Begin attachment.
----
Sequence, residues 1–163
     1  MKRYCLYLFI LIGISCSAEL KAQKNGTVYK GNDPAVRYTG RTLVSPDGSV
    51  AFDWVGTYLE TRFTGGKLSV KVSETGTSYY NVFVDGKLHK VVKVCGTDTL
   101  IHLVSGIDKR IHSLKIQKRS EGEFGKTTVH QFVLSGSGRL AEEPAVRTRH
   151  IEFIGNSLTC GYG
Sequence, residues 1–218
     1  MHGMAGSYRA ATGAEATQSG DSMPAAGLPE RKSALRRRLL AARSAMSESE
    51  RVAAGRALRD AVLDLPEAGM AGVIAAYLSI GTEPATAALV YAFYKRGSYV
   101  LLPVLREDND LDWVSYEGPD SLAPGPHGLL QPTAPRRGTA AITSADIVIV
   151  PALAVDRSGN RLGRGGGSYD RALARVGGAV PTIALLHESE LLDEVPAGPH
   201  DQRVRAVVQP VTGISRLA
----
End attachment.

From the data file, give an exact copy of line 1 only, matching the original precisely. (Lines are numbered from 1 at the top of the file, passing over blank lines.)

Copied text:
Sequence, residues 1–163